In 1996, Hunt received his highest honor when he was named the United States' head men's track and field coach for the Atlanta Olympics, giving Cal more Olympic head track and field appointments (three) than any other university. Under Hunt's direction, the U.S. won 16 medals: 10 gold, four silver and two bronze. Legendary Cal coaches Brutus Hamilton (1952) and Walter Christie (1924) were the others to earn the distinction of Olympic coach.

But Hunt's coaching prowess was recognized on the international stage long before the 1996 Olympics. In 1986, he was tabbed an assistant coach for the U.S. at the Freedom Games in Moscow. This led to additional assistant assignments for the 1989 World Cup Games in Barcelona, Spain, for the 1992 Barcelona Olympics and for the 1993 World Championships in Stugardt, Germany. His first head coaching job with USA Track and Field came at the 1995 World University Games in Fukada, Japan.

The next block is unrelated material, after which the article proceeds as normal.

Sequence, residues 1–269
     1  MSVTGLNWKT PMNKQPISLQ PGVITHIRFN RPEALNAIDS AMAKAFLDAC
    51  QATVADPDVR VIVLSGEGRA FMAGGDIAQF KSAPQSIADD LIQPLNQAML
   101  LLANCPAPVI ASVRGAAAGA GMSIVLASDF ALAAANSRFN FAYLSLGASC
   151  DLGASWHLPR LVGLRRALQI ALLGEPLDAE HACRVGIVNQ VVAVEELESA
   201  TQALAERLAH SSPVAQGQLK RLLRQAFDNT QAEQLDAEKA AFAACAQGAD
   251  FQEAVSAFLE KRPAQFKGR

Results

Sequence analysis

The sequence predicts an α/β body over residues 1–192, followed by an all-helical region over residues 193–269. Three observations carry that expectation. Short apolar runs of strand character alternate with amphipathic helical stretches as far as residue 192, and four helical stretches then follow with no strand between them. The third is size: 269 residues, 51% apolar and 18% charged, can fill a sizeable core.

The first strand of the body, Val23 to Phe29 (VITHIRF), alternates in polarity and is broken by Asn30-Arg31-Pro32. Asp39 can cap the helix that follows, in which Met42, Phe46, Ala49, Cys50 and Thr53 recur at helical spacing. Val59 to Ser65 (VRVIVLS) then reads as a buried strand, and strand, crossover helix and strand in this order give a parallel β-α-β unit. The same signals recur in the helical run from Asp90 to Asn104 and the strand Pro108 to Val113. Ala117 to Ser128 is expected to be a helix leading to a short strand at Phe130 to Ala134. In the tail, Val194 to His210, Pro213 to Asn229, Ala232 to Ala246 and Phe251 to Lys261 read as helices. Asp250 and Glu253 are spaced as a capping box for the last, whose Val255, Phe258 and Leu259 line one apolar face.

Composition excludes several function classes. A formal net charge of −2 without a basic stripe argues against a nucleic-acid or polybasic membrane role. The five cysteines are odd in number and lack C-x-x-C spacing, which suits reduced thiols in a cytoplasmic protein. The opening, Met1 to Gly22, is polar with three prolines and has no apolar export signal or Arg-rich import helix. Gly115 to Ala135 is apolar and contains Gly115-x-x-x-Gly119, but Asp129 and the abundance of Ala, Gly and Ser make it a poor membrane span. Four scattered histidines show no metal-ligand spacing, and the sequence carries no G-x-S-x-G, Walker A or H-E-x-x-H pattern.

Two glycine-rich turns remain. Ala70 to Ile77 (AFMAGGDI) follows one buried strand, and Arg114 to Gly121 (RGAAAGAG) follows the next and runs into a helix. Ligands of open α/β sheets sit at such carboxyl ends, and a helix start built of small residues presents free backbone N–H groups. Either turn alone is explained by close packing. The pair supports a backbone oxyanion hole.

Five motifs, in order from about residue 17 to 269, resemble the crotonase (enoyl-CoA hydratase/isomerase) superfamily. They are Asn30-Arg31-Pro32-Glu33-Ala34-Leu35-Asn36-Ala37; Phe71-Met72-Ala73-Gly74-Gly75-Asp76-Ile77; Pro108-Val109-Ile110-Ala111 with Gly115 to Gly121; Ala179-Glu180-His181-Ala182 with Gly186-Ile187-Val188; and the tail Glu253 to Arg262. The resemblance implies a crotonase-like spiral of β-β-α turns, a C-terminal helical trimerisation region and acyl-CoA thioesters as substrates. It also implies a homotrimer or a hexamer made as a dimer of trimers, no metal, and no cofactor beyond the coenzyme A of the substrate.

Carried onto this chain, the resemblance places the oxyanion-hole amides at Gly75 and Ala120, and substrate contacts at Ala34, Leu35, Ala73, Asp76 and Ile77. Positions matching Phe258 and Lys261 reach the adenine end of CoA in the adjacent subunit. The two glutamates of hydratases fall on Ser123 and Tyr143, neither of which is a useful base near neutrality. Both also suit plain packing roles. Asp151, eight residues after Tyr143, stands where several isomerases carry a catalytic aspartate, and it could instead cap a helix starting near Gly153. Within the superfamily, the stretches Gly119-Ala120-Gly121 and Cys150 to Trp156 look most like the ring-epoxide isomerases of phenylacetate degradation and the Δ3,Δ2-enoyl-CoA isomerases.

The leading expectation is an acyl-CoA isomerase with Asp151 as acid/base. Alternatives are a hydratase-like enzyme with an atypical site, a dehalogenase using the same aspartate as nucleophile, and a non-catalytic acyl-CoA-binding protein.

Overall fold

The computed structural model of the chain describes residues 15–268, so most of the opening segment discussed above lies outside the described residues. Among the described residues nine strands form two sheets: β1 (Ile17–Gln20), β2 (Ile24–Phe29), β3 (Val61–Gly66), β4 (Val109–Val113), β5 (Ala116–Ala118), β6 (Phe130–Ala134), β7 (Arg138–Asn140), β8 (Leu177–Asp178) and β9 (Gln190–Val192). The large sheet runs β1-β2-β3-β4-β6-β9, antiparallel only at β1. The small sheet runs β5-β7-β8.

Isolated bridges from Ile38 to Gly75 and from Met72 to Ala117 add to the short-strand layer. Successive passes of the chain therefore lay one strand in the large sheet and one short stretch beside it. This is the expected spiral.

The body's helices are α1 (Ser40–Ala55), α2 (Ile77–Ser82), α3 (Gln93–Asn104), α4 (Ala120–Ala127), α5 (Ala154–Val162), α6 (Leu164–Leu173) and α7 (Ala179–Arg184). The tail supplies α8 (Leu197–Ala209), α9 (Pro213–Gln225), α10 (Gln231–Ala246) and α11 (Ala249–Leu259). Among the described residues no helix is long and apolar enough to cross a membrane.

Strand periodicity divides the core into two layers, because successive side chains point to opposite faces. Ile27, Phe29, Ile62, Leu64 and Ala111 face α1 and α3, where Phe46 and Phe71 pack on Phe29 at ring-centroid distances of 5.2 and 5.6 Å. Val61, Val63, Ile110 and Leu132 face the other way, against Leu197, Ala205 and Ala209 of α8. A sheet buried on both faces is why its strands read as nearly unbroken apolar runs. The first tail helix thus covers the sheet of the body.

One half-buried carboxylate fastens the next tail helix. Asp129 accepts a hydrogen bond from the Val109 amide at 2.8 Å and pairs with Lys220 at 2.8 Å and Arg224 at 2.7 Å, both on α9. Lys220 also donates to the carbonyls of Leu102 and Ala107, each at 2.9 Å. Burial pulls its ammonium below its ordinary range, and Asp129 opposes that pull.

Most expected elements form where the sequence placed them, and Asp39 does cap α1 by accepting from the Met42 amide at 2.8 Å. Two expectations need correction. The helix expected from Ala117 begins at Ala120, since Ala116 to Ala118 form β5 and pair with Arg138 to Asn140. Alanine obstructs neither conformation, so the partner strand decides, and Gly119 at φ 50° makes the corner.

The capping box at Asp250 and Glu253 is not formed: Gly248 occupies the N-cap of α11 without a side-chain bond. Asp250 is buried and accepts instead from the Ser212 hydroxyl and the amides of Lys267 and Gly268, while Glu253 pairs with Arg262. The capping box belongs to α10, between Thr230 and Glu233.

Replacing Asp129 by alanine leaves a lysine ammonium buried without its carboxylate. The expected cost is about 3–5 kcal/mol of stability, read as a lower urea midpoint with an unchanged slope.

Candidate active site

Hunt, 55, arrived on the Berkeley campus in 1972 as an assistant coach to head men's track and field coach Dave Maggard. When Maggard was named athletic director in 1973, he promptly selected Hunt as his successor as he was so impressed with Hunt's teaching ability, enthusiasm and stability. At the time of Hunt's hiring as head coach at the age of 25, he was the youngest head coach ever to be named at the university. Prior to his reassignment, Hunt was the senior member of the school's coaching staff.